At the beginning of your tour, you will cross the Nile to the West bank to visit the Valley of the Kings. The Pharaohs were hiding their mummies and treasures in this barren desert area. Many of these treasures were found in these beautiful colored tombs. You can visit three graves to enjoy the colors and murals on the walls. The tombs were carved deep in the mountain rock; you have the option to see other royal tombs (for an extra cost). Then continue your tour on the west bank and drive to the mortuary temple of Queen Hatshepsut. She was the first female pharaoh in ancient Egypt who ruled the kingdom for 20 prosperous years. This temple is called El Deir el Bahari as the early Christians used the Northern monastery, as it was a Coptic monastery. Unlike the other temples, this was built of limestone and partly hewn in the mother bedrock. It has three terraces, and its focal point is to tell the story of the Divine birth of the Queen. The final stop will be at the colossi of Memnon. The Colossi of Memnon are two monumental statues representing king Amenhotep III of the 18th Dynasty of Egypt. They are located west of the modern city of Luxor and face east, looking toward the Nile River. The statues depict the seated king on a throne with some other carvings of his mother, his wife, the god Happy, the Nile god, and other symbolic engravings. Both are carved from single sandstone blocks, and the name refers to the Greek hero Memnon who fell in the Trojan War. Then you will be back to the hotel to spend a night in Luxor.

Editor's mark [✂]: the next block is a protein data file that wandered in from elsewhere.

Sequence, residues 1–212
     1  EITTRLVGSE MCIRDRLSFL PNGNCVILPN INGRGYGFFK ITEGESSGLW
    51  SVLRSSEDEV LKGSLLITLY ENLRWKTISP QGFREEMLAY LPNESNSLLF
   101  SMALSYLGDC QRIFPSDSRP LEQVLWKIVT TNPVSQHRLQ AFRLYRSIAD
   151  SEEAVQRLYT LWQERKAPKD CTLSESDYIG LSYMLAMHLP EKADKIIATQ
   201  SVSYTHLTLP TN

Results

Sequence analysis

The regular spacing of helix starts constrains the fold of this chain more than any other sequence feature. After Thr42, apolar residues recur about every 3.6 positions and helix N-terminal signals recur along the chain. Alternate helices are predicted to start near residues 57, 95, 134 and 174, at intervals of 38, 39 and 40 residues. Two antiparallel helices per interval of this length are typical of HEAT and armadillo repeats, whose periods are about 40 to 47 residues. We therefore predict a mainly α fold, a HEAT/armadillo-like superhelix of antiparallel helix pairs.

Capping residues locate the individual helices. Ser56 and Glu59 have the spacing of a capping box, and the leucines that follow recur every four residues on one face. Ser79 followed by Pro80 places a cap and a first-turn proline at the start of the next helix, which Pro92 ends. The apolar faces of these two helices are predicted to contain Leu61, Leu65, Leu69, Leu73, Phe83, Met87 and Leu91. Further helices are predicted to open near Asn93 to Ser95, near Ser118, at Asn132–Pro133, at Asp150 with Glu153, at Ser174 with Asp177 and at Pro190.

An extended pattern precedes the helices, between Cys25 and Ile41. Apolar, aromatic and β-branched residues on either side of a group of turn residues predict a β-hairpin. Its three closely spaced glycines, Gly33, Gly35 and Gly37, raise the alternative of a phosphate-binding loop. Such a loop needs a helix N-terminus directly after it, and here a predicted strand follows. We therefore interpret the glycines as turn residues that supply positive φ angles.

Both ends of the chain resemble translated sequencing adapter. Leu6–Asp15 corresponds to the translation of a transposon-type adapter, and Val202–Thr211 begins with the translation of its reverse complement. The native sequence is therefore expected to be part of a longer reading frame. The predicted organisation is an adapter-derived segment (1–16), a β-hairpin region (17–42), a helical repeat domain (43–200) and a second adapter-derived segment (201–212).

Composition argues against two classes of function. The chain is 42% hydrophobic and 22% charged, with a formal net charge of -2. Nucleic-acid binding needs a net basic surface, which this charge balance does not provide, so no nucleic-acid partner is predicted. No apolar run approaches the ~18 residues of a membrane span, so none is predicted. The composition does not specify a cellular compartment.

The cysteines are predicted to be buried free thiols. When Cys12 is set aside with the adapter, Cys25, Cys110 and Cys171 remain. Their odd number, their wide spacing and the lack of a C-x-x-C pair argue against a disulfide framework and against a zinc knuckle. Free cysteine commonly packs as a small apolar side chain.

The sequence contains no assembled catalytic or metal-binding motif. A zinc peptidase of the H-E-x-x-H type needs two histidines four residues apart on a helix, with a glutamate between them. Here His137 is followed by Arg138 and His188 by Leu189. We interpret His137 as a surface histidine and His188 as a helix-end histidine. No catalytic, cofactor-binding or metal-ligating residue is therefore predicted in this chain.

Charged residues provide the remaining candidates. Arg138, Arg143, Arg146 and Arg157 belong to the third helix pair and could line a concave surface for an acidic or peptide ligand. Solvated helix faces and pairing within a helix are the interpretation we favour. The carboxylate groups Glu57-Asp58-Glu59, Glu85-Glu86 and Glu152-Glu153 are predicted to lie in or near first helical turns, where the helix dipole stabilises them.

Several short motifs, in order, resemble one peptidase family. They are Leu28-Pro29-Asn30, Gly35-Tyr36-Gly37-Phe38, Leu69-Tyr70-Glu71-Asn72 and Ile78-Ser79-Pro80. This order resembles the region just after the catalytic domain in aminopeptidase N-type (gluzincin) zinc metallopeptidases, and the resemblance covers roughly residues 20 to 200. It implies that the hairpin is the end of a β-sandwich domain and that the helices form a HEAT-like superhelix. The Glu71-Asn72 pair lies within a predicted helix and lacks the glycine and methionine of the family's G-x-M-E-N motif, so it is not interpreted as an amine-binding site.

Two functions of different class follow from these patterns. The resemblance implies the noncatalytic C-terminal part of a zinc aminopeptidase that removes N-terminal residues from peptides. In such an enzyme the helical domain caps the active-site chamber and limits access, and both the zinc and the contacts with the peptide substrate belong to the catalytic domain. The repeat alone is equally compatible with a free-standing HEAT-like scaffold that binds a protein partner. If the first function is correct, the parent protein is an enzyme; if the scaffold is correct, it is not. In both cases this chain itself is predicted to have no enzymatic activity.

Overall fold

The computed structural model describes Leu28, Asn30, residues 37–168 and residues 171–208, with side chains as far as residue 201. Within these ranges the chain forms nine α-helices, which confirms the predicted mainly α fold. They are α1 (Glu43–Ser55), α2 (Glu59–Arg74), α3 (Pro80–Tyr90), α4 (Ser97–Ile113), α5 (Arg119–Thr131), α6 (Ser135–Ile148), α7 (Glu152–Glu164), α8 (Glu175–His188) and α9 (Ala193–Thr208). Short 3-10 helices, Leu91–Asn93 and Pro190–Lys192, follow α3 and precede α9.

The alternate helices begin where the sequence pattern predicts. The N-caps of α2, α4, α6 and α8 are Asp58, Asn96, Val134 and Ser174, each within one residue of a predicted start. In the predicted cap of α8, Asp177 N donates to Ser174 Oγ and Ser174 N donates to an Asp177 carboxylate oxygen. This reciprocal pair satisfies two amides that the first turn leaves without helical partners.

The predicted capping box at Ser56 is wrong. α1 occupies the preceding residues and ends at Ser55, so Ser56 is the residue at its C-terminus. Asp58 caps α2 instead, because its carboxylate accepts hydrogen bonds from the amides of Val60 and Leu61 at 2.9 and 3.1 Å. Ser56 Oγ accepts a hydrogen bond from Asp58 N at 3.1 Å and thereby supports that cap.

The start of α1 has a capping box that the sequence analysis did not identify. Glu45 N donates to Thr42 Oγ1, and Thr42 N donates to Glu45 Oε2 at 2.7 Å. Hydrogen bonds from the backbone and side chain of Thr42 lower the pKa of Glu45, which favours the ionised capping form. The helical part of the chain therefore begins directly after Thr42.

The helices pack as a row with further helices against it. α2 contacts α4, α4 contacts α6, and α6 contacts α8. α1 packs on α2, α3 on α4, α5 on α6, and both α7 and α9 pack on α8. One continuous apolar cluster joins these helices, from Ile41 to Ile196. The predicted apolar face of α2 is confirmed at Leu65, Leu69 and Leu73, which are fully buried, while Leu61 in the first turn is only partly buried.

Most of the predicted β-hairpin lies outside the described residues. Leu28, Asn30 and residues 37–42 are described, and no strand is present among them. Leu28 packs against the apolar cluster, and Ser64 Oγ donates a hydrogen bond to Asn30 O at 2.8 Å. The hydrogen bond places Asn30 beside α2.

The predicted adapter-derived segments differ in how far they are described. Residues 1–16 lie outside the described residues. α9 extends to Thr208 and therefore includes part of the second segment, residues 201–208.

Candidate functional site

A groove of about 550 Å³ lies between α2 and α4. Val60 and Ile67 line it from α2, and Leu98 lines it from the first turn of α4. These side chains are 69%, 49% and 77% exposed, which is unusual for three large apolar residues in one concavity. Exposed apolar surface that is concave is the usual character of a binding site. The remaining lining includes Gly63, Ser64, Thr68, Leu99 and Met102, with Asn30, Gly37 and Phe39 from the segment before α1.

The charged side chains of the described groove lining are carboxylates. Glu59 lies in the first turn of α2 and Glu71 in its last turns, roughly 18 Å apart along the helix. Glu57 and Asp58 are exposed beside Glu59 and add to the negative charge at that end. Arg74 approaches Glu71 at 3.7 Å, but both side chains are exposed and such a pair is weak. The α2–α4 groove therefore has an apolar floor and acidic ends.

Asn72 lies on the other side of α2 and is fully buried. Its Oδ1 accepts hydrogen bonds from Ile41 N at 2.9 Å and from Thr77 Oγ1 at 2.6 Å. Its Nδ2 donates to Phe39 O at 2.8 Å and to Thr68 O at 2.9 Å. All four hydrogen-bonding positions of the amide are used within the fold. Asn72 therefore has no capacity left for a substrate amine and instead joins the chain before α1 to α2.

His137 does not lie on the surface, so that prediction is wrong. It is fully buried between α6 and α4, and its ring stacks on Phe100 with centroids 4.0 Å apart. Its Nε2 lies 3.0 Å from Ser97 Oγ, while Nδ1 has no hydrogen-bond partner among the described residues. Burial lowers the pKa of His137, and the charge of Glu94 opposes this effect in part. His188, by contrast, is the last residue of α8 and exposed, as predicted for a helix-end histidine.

After breakfast, the tour begins with the Karnak temple, which is actually a complex of temples. The temple is dedicated to Amun Ra, the chief god in Egyptian mythology. Enjoy the Great Hypostyle court, and the reliefs and murals added through the generations. Feel astonished at the tall obelisks 70 feet high and cut from a single piece of granite. Look at the statues of the different pharaohs who want to show their loyalty to Ra. Keep an eye on the magnificent tall columns and their papyrus and Lotus capitals while their shafts are loaded with hieroglyphics. Following this, you will go for a short drive to Luxor temple. Originally, both temples were connected together with the Ram-Headed Sphinxes Avenue. The connection was to celebrate the annual visit of Ra from Karnak to his wife Mut in Luxor. The temple of Luxor witnessed many historical eras and has its extensions and additions along the ages. Different structures and murals show the Greek, Roman, Islamic, and Coptic influences. Stare at the statues and obelisks of Ramses II. There should be two obelisks at the entrance of the temple, but one of them was sent to Paris. Your guide would fully explain the history of the temple. Finally, you will drive back to Hurghada.
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